Federal Reserve Chair Jerome Powell makes an appearance on a panel at a conference on climate change today about how the financial sector can take action against climate change-related risks. How much power does the Fed have on the subject of combating climate change?
The extent to which the U.S. Federal Reserve should be involved in climate change policy is controversial. It boils down to whether the Fed’s policies are reactionary or if the Fed is on the offensive, said Christina Skinner at the University of Pennsylvania’s Wharton School.
If there’s a climate shock or a disaster, the Fed can adjust monetary policy to try to mitigate loss. What Skinner said it can’t do are things like “using its balance sheet to go out into the world and buy green bonds. To try and direct the flow of capital in that direction is not really on the table like it is for some other central banks.”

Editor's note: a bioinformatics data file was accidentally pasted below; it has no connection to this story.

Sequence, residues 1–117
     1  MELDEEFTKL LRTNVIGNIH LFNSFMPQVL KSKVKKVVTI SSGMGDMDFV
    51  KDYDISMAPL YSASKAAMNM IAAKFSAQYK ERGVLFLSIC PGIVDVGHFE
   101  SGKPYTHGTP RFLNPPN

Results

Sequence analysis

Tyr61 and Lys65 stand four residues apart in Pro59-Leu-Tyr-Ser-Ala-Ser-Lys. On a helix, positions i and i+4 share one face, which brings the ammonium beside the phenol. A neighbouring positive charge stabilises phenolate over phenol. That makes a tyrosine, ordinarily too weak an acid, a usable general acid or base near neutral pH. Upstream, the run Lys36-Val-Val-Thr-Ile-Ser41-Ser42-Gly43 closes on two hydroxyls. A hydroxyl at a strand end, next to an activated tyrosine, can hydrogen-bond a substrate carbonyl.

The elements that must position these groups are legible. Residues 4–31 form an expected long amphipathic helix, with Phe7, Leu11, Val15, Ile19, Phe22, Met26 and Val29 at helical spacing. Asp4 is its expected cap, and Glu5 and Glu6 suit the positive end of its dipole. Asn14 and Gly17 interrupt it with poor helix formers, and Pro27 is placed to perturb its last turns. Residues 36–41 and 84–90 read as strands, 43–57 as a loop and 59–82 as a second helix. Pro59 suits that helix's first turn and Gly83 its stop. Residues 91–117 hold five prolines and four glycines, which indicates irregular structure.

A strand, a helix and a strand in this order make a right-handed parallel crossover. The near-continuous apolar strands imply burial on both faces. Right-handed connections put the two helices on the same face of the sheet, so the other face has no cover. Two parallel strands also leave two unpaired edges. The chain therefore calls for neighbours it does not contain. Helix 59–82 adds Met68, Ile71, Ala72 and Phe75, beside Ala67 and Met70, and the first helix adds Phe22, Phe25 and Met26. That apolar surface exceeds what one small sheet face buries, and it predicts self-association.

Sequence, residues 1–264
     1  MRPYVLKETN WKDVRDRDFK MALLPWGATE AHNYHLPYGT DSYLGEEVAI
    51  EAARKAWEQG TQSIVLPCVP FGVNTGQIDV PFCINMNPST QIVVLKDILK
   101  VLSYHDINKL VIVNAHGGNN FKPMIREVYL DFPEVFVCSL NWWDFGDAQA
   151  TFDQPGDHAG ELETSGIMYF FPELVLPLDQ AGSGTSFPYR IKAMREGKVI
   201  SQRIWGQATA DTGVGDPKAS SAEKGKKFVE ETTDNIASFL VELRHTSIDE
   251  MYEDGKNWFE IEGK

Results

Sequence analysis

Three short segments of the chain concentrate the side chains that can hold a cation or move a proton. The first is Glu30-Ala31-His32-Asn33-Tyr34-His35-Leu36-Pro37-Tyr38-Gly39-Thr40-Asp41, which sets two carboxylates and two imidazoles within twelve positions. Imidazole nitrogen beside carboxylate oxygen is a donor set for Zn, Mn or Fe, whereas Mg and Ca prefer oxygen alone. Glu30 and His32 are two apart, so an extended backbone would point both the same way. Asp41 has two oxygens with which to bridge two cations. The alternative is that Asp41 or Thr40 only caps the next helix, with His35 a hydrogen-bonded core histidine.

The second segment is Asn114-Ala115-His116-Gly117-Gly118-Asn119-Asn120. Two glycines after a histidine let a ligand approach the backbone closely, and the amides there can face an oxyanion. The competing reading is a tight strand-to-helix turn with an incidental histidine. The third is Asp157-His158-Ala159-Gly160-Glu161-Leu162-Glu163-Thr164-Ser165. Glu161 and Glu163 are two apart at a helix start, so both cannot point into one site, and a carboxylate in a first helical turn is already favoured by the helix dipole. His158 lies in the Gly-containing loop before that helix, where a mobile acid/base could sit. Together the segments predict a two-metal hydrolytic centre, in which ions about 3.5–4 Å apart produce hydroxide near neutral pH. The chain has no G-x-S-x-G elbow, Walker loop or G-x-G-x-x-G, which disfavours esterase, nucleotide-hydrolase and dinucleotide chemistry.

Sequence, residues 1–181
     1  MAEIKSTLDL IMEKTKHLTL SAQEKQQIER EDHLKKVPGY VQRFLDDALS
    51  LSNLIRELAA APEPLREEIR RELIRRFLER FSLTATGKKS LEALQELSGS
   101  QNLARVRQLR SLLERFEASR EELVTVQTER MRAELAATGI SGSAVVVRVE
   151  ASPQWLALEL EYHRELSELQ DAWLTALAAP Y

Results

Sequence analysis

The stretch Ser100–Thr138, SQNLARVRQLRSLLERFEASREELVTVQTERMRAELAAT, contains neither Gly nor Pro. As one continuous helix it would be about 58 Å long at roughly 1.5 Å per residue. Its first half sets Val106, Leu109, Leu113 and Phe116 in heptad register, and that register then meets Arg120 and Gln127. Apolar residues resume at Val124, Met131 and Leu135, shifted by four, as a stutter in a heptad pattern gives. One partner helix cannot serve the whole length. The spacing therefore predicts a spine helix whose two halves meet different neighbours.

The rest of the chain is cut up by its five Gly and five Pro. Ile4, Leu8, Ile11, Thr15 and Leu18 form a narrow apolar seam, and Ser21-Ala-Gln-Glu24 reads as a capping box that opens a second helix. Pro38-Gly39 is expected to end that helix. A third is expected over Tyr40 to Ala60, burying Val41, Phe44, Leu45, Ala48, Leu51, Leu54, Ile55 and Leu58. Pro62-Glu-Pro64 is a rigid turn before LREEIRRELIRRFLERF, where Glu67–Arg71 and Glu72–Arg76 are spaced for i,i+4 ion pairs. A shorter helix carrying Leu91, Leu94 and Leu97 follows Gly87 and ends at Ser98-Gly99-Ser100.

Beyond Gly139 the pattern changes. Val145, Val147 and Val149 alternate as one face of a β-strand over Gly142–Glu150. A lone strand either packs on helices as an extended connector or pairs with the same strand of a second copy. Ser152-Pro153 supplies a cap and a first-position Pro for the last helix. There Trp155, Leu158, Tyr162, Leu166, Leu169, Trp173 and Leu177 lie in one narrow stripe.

In some countries, central banks can take that kind of action. But the U.S. financial system isn’t set up that way.
Carolin Schellhorn at Saint Joseph’s University said the Fed, though, has to recognize that it doesn’t create monetary policy in a vacuum. “The central banks depend on each other, none of them work in isolation.”
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She said private multinational banks need consistent guidance from central banks around the world to make investment decisions including those that align with climate change mitigation goals.